Big City of lights

We flew into Sydney last night. An hour late and like icebergs because the aircon was so cold on the plane but excited to be here. Kat and Tom picked us up which was great and we headed into Newtown for some drinks and Thai food. Really good thai it was amazing and we bumped into three other people that we knew, including Josh which made me feel like I could have been in Alice. We made it home with gelato and Kat and I a little bit tipsy for late night conversations in their backyard.

This morning we headed out for breakfast in downtown concord. It all felt very inner west. It isn so good to be here. Tom and Kat asked if it was weird to be here after so long but it’s not really. While I am very conscious of the people and traffic and advertising coming in being here feels very normal. It’s amazing how you can not see some people for ages but as soon you do it just feels like they’re your friends and that’s it.


I think I am making a bit of a theme this year of joining in conversations when they have finsished. But I am at a loss of what to blog about and I meant to do this when it was going as I love books so here you go. Five books that have impacted my life. This list of course could be a lot longer and would probably be different on another day but here’s what came to mind today.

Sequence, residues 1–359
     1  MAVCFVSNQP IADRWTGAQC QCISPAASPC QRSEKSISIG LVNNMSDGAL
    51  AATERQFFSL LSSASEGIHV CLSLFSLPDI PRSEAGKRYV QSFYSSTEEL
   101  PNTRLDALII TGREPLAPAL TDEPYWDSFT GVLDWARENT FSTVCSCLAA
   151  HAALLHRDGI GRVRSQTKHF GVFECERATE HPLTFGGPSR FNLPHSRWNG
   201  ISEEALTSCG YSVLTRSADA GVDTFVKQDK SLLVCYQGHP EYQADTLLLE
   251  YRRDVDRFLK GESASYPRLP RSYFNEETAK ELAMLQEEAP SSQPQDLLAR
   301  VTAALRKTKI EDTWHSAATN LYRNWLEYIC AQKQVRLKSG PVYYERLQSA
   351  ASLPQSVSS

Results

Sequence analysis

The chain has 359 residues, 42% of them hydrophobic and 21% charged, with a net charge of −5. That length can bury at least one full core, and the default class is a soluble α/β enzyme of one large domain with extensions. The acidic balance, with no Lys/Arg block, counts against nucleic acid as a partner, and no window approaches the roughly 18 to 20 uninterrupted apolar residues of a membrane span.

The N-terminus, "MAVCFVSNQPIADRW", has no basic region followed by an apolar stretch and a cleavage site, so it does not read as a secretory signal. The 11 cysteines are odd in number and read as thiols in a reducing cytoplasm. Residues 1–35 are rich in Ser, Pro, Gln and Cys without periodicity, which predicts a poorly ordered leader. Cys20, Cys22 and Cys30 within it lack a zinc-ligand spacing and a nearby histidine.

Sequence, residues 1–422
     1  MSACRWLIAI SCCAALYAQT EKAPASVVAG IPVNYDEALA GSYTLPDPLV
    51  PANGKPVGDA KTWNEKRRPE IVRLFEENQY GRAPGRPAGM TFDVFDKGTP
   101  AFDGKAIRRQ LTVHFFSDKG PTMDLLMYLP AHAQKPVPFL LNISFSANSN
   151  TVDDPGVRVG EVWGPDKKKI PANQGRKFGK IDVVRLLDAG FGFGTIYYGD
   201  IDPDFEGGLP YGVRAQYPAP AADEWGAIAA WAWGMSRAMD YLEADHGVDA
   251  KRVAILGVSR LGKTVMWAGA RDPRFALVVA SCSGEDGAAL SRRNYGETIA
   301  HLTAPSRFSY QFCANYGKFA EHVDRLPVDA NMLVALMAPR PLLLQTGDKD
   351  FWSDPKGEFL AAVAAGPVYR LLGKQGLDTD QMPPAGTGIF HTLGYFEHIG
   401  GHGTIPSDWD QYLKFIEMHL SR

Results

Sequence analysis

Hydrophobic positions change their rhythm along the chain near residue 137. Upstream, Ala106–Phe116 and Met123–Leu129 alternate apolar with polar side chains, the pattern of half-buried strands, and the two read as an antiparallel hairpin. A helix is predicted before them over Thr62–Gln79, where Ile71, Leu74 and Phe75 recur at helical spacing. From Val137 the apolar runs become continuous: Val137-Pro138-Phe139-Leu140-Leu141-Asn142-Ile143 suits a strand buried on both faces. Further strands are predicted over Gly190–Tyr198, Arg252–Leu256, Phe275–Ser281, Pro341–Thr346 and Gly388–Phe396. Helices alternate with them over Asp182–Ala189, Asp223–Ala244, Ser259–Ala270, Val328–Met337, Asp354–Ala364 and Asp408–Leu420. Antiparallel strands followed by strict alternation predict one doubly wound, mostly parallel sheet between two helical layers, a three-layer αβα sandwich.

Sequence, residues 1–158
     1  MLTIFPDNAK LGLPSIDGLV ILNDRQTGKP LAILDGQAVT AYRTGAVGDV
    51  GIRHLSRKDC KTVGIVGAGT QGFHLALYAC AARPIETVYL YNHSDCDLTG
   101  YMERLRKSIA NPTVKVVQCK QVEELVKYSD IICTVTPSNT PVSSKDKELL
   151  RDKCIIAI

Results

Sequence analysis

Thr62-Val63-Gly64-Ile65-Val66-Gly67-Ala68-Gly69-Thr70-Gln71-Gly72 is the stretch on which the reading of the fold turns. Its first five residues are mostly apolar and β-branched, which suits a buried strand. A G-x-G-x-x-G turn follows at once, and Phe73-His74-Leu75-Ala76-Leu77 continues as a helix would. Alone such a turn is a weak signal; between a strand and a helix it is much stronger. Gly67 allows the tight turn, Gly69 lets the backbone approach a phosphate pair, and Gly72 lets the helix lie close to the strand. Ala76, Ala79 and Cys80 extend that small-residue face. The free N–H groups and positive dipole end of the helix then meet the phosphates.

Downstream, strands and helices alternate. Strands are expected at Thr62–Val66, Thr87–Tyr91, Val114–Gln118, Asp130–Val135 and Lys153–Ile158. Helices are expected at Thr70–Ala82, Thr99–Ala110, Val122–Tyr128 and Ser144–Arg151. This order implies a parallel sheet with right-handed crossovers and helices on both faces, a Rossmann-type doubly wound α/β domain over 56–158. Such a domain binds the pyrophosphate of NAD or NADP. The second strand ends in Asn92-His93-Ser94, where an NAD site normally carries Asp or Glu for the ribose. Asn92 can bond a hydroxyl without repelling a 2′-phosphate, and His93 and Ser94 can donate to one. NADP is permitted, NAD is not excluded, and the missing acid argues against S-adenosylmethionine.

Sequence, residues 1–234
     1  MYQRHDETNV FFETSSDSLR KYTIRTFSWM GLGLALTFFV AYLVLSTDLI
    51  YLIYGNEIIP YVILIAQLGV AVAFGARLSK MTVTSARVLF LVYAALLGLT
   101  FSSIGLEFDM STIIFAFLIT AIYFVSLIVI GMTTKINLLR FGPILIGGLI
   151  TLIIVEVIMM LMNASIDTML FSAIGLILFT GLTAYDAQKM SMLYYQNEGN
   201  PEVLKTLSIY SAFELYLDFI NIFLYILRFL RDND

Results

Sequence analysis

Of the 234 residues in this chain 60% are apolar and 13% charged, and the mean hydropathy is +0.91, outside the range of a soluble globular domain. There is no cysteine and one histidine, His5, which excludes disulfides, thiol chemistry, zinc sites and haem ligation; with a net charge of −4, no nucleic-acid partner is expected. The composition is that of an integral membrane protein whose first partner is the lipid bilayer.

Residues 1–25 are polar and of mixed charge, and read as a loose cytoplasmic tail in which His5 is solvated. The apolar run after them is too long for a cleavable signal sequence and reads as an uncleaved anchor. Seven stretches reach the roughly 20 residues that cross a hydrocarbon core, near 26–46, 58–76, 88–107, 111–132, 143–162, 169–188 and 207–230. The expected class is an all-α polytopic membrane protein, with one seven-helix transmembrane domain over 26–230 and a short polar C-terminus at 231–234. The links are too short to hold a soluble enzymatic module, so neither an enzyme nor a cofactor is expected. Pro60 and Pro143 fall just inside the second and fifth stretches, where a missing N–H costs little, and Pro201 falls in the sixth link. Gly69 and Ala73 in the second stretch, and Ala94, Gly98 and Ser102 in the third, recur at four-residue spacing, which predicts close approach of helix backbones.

“Passionate Marriage” by David Schnarch

I think I have probably read this book or parts of it every year since I got married. I guess I am a pretty slow learner and I still get something out each time. The main theme of this book is differentiation which is about holding onto yourself in close relationships. Quite contrary to popluar cultures idea of romance and intimacy, this book argues that we need to validate ourselves and our own sharing in our relationships not expect that from someone else. When things go wrong in our relationships, especially our marriage, we like to blame the other person and spend most of our time trying to change them. Passionate Marriage puts the focus on us. If we want the sort of marriage we want we need to create ourselves not expect it from another person. It is very liberating I reckon.